It’s time to get to know Kris Kobach, the author of Arizona’s SB1070 law and Romney immigration advisor, whose work was largely gutted by the Supreme Court on Monday. Unfortunately the one portion upheld by the Court may still encourage racial profiling by Arizona police during traffic stops and other minor infractions. Codifying racial profiling is essential to Kobach’s long-term strategy of “attrition through enforcement”. But just who is Kris Kobach and what does he really believe?
Here are the top five things you should really know about Kobach,
1. He works for an arm of a racist hate group whose stated purpose is to reduce the number of people of color in the United States. Kris Kobach is of counsel for the Immigration Reform Law Institute, which is the legal arm of the Federation for American Immigration Reform, which the Southern Poverty Law Center labels a hate group. Kobach’s boss at the Immigration Reform Law Institute, Michael Hethmon, openly argues that the United States’s transition to a country where the majority of its citizens are people of color will lead to violence. And the founder of Federation for American Immigration Reform, John Tanton wrote, “I‘ve come to the point of view that for European-American society and culture to persist requires a European-American majority and a clear one at that.”
2. He is virulently anti-gay. Kobach uses divisive politics and has grouped gays and lesbians together with pedophiles. During his 2004 run for Congress, Kobach accused the a leading gay rights group, the Human Rights Campaign, of promoting “homosexual pedophilia” in an attempt to smear his opponent.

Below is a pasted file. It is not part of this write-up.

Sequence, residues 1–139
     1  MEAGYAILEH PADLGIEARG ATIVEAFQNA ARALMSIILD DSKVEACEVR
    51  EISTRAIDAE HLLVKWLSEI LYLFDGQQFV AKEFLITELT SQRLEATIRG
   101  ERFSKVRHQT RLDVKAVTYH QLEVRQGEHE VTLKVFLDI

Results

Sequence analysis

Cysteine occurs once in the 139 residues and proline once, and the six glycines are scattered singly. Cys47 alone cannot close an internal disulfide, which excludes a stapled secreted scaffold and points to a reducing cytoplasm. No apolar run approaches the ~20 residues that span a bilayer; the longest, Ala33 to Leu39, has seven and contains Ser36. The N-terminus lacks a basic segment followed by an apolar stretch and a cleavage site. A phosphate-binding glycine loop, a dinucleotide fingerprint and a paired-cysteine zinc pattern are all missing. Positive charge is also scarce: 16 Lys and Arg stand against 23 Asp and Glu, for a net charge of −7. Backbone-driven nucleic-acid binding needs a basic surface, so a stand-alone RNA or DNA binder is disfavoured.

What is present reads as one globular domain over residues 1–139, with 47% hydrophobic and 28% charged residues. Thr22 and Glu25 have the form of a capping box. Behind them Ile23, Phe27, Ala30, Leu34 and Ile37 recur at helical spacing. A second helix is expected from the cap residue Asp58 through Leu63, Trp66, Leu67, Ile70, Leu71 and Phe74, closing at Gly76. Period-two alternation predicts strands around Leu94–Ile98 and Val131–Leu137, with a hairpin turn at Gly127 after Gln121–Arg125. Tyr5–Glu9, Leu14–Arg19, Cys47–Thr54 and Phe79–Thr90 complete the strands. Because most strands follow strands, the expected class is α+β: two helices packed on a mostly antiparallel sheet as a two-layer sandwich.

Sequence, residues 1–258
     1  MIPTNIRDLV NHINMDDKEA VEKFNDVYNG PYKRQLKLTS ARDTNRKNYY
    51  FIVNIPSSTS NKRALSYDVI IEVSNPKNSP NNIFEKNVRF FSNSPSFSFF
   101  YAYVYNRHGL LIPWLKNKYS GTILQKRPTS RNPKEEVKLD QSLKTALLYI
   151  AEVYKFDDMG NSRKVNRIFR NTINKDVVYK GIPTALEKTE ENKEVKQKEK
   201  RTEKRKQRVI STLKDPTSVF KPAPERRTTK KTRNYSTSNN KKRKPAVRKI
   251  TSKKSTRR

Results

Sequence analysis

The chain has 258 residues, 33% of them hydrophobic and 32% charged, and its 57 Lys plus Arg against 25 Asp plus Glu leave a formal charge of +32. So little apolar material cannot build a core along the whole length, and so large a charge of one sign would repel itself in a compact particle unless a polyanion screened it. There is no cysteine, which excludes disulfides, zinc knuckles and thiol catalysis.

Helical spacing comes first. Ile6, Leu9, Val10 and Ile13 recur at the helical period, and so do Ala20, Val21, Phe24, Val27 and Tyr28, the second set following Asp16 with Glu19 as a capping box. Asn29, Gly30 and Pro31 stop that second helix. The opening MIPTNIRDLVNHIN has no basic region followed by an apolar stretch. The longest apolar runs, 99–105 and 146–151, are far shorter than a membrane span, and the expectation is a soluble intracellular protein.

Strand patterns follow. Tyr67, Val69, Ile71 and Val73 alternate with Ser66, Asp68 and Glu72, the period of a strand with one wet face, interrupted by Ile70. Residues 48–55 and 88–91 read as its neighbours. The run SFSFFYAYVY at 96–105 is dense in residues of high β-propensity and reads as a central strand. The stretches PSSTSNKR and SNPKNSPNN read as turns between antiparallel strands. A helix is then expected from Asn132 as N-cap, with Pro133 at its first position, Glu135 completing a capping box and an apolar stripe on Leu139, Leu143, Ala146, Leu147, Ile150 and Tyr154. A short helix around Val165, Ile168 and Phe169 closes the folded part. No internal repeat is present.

3. He’s birther-curious. In his run for Kansas Secretary of State, Kobach raised the question of whether President Barack Obama’s “short-form” birth certificate was sufficient to prove his citizenship. Later, when called on it, Kobach backtracked and said that he believed in the president’s citizenship but still maintained that questioning his birth certificate was valid.
4. He’s cashing in. When Kobach takes his anti-immigrant show on the road, he makes a pile of money representing local communities, often running up huge bills. Kobach co-wrote anti-immigrant laws across the country from Farmer’s Branch, Texas to Fremont, Nebraska to Prince William County, Virginia to Hazelton, Pennsylvania to Valley Park, Missouri to Arizona and Alabama. Kobach’s efforts have netted him more than $6.6 million in legal fees. And while serving as Kansas Secretary of State, Kobach appeared on out-of-state media at least 101 times in just one year, with an astonishing 31 appearances just on Lou Dobbs’ shows.
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